THESE last few weeks, a man called Phil has made travel possible. He has shown us what is said to be the best steak in Buenos Aires, let us tag along as he schlepped up several hills in Lisbon, and swayed astride a temperamental camel in Marrakesh. “Oy,” the man said, as one of the animal’s steps nearly unseated him. Those unguarded moments when he mutters “Oy” are among the funniest moments with Phil.
His full name is Phil Rosenthal and he is the writer and creator of the hugely successful American sitcom “Everybody Loves Raymond,” which ran for nine years until 2005. In 2018, Phil’s food and travel show “Somebody Feed Phil” launched on Netflix. Late to the party, I stumbled on it last year after binge-watching “Comedians in Cars Getting Coffee.”
For a lot of people, Korean soap operas where someone invariably suffers amnesia or crash-lands in forbidden territory provided relief from the worries of life in a pandemic. Watching Jewish guys travel, eat, and strike up interesting conversations has been my balm of choice.
Tired after a day’s work and in need of a distraction? Watch Phil attack a bowl of khao soi (egg noodles with chicken in a coconut cream and curry broth) in Chiang Mai. Dismayed by the lack of encouraging news about when a safe and affordable vaccine might reach us? Watch Phil eat freshly made pork and ricotta ravioli in Chicago, while he and chef Sarah Grueneberg enjoy a warm conversation about the food that brings them joy.
Not that joy was absent in 2020. It was very much around, once we learned how to look. Finding it again in the experiences and relationships we used to take for granted was one of the best parts about last year.
Still, there were days when you could not help but feel hemmed in; when the need to be someplace else, if only for a few days, felt like a real ache. Those were the days when watching Phil helped. Wandering (vicariously) with someone so curious, so obviously pleased with each new dish soothed you. It made you look forward to traveling again. It reminded you of the many awe-inspiring sights and experiences the world continues to offer, reachable once a safer way to wander becomes possible.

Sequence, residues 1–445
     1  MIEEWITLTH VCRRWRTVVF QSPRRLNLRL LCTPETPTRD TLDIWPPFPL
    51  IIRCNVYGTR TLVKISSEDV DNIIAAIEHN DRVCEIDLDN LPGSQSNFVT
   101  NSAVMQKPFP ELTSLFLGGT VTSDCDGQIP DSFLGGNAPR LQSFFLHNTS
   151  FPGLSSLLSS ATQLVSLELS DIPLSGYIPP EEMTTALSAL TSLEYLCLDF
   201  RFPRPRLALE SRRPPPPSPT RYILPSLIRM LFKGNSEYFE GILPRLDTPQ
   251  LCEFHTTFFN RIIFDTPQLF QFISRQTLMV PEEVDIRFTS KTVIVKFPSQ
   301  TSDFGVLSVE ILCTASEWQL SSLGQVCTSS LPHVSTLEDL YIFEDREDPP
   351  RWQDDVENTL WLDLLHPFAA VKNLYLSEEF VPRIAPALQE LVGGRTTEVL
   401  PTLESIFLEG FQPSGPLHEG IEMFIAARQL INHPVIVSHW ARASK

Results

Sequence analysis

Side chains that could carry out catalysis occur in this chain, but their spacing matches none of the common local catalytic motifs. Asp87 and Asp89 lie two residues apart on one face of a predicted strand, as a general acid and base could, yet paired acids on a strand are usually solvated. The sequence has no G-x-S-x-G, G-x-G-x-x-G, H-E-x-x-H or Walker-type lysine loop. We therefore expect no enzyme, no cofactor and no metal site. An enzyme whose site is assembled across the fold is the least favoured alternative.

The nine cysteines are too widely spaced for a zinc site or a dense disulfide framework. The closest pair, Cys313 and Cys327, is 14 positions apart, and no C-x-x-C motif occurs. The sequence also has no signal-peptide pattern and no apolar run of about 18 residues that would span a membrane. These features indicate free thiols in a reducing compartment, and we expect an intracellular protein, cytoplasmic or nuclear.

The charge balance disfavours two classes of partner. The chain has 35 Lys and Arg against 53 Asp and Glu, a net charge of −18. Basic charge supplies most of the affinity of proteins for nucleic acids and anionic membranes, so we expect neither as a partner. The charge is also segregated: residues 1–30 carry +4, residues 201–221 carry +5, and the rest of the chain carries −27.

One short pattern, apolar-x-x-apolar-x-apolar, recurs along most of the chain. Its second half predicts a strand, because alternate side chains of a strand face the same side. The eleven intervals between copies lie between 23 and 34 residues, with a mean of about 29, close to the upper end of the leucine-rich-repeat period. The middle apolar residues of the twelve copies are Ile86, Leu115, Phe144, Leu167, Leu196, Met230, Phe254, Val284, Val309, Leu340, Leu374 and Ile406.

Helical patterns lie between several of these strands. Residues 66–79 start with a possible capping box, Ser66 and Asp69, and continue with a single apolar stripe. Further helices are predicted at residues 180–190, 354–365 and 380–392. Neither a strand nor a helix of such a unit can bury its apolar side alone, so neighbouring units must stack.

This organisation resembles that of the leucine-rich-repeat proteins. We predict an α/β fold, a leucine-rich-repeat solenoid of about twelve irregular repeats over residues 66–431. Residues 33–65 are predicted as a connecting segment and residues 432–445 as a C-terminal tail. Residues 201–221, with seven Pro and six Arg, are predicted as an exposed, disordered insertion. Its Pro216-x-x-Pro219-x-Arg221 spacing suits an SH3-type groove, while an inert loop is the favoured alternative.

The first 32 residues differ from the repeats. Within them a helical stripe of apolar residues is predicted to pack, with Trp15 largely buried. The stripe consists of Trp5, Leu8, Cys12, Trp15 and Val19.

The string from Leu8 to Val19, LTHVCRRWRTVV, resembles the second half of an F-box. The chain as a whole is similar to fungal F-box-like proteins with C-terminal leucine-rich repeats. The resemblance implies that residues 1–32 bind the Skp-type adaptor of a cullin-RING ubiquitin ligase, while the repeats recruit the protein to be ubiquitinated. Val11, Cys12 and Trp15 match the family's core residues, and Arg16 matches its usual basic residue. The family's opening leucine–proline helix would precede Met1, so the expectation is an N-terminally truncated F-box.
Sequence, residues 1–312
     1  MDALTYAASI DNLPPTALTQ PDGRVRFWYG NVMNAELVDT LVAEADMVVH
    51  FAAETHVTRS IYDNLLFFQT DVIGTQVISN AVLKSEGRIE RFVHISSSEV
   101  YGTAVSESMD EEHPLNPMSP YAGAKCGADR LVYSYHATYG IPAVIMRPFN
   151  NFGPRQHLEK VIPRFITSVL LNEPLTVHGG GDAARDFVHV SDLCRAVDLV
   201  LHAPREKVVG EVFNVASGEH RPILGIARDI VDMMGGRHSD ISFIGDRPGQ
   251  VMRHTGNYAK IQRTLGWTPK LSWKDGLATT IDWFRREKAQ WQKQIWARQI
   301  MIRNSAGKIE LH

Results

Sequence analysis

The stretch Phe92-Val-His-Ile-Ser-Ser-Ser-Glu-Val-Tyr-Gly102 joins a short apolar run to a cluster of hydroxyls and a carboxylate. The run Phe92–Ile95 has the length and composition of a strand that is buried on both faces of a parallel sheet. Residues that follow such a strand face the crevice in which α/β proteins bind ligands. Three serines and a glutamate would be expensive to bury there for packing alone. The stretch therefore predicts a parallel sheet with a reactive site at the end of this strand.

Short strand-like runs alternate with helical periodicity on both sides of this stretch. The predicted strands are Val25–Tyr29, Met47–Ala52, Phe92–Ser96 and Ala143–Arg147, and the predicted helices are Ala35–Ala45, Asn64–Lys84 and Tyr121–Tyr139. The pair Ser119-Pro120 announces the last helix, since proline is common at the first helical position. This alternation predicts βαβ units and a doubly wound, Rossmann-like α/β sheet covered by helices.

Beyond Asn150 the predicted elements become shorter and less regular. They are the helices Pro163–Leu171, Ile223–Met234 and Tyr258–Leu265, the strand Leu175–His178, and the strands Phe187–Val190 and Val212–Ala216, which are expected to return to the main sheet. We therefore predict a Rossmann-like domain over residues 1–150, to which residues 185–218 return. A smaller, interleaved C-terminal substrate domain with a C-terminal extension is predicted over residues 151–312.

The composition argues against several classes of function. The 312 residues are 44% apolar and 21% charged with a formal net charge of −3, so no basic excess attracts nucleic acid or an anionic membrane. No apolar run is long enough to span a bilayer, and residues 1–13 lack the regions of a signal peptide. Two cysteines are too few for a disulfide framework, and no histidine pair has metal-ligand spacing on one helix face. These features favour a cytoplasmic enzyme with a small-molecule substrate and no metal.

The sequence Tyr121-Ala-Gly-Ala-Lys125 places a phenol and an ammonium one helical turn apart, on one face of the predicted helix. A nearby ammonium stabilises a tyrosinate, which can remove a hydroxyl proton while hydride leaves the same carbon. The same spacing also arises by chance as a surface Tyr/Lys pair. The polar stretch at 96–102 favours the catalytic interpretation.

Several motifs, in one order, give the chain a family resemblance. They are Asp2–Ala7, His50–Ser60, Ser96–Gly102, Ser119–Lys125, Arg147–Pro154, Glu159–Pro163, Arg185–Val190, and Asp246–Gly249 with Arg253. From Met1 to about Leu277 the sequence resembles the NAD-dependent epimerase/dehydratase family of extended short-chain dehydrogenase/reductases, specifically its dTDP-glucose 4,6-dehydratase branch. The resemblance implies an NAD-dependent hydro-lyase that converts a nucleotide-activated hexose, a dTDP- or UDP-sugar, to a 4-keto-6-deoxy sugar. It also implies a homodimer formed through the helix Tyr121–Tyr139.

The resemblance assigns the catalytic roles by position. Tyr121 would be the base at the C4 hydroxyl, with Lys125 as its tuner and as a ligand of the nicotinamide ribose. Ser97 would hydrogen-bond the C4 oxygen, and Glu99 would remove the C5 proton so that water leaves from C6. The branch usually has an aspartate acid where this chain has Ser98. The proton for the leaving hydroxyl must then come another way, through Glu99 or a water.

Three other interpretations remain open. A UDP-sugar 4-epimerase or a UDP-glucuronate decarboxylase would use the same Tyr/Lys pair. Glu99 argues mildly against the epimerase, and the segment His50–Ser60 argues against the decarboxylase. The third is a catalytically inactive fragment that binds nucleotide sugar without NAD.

That time cannot come soon enough for the world’s travel and hospitality industries, for whom 2020 was devastating. In a statement just before Christmas, the UN World Tourism Organization called on governments “to rethink quarantine rules for tourists.” It said that tourism “cannot wait for mass vaccinations to become a reality” for it to restart. I’m sure you saw signs of wanderlust in your social media feeds during the holidays, either in the photos of friends who spent a few days at the beach, or in the nostalgia shown by others who posted photos from their Christmases in other places from two or three years ago.
Travel had in recent years become more accessible, thanks to a combination of cheaper airfares, vacation rentals, and abundant information that whetted one’s curiosity about most places on Earth. Without warning, the pandemic changed all that.
Lockdowns that were needed to slow down the spread of SARS-CoV-2 made travel impossible for all but a handful. So, we learned to move in our reduced orbits and turned our gaze and attention inward.
In 2020, some of us embraced the fact that we could be happy spending the rest of our lives where we were. And some of us realized we needed to be someplace unfamiliar every now and then; that the world, for all its terrors and uncertainties, holds still so many wondrous sights and experiences that we can’t help but wish to see and taste more of it.